19. Explain Yourself – Literally..the only true enabler of System 1 thought. If the owner knows your intentions right from the get-go..on how you value the guys you’re offering and asking for…that’s one step closer to making a snap judgement on the trade. Tell them – “I really need steals and you’re down holds, so  I think Balfour for Bonifacio works for both of us.” Plus..it helps him better understand how you think for future deals. Excellent!

20. Frame Your Words Carefully – Kahneman discusses a concept called Framing whereby people respond differently to the same concepts depending on how they’re presented. His example is, are you more likely to have a surgery where you have a 90% survival rate…or one with a 10% mortality rate? Most people say the prior. When you’re explaining your trade offer…use the most positively correlated messaging you can to explain the trade…it may affect the outcome.

A Gumptastic Evening Of Thought

Matt Riggleman 1 Comment

I just got done watching “Forrest Gump,” which I hold up as one of the greatest movies of all time. The movie resonates with me on a bunch of levels and I can’t help watch it whenever it’s on. Of course, with me, the “Greatest Movies of All Time” list also includes the likes of “Commando” and “Forgetting Sarah Marshall”..so I’d forgive you if you decided to move on before I tell you why. But I figured I’d use Forrest Gump this warm Sunday evening to get all introspective and build some blog content.

The Forrest Gump “I just Felt Like Running” Moment

[youtube http://www.youtube.com/watch?v=wyx6JDQCslE]One of the underlying themes of the movie is Forrest’s simple-mindedness. He’s programmed with a set of beliefs and morals and he carries those out..with little regard for how other things fit into life’s equation. I feel like I’m doing this right now with the “Biggest Loser” program at work. For the record, I don’t give a crap about losing weight…I’ve never weighed more than 175, like LMFAO I work out, and I’ve always eaten everything in sight…I just can’t resist a competition. 17 lbs. later..I’m going hard to the finish…with the chance to win $500 bucks. “I just felt like competin’.

The “What If Gump Had a Cellphone” Moment

Also known as the Seinfeld Paradox – pretty much every plotline of Seinfeld would have been entirely different if just 1 of them had a cell phone. Because I live in the 21st century (most of the time), and cellphones are ubiquitous, I always try to see if pre-cell movies can hold up. Unfortunately, I don’t think Forrest Gump could…unless you assume he’d be too simple minded to own one.  Just think how crappy it’d be if he could just pick up the cell and give Jenny a ring? Though it’d definitely be sweet to hear some Forrest voicemails…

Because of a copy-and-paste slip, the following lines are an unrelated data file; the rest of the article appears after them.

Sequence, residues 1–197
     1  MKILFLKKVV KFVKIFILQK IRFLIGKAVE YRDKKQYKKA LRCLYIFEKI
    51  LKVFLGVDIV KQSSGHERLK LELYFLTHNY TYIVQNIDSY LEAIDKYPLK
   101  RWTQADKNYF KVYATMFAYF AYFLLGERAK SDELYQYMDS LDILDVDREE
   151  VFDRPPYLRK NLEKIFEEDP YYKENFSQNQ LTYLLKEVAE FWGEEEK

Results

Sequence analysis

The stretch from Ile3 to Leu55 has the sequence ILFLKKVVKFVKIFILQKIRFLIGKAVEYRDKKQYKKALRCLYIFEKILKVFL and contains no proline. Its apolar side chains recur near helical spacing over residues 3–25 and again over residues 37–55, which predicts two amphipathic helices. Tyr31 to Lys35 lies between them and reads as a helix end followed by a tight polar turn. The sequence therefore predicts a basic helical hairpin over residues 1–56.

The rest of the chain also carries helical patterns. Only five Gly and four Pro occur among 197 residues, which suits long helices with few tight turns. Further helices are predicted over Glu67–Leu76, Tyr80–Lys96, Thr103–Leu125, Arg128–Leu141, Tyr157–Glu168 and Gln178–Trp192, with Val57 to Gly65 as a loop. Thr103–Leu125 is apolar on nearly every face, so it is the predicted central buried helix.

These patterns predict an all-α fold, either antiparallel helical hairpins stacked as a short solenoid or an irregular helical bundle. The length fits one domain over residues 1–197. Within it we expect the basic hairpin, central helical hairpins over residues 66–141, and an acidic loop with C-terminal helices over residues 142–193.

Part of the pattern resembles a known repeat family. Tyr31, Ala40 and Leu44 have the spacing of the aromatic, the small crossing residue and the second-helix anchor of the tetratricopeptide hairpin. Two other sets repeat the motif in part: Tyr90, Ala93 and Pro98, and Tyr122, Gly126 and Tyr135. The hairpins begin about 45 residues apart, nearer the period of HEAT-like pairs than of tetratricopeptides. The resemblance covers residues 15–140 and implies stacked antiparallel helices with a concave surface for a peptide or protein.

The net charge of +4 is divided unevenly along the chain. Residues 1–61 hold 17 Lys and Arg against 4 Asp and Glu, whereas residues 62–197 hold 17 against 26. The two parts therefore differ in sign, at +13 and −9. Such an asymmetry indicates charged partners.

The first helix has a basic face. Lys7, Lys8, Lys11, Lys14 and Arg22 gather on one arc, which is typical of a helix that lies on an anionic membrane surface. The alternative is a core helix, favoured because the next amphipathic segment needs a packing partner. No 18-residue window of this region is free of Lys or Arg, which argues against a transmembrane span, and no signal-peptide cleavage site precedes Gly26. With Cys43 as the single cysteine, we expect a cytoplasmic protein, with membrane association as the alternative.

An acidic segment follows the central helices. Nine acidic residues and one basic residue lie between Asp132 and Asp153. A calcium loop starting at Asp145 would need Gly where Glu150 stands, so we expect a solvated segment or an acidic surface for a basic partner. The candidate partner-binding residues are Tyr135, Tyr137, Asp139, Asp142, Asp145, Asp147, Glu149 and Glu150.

The Forrest Gump “Simple Man” Moment

I always wondered why they never threw in Skynard’s classic “Simple Man” into Gump’s soundtrack…it fits the era…and the area..of the majority of the movie. But then, I guess celebrating Gump’s “Simple-ness”..kind of belittle’s the complexity of the character. For me, and a good portion of my family I think, we have to support a few “Simple Man” moments. Sometimes it would be great to just get out of our own ways (and heads) and do the things we know we want, and should, do anyway. Sometimes perhaps, ignorance is bliss.

The Bubba Blue’s My Best Good Friend Moment.

In lots of ways, Forrest Gump is just a lucky guy. There’s a huge list of events, totally out of his control, that totally make things go his way. In no paricular order (that sounded Gumpian) – Got wounded but not seriously injured in Vietnam, learned how to play ping pong in army hospital, was home when Jenny showed up, ran into Jenny in DC, got recruited to play college football after running across field, meets Lt. Dan in NYC, survives Hurricane Carmen…and, last but not least, he runs into a guy who is just as conventionally backward as him in the Army..thereby gaining a great friend and inadvertently setting up the rest of his life. So, my Bubba Blue moment would have to be getting to asked to be the best man at my “conventionally backward”  best friend’s wedding. Congrats to Matt and Christina..and thanks for the honor.

The “What the F is Jenny’s Last Name” Moment 

I know it now, but I will forget it. Every time I go into that movie I try to come out of it with this one useless bit of trivia..and I always end up forgetting it like a day later. They only show it once, and nobody says it. I’ll leave you the pleasure of finding it yourself..but no Googling..

The “Forrest’s Mom is Sick” Moment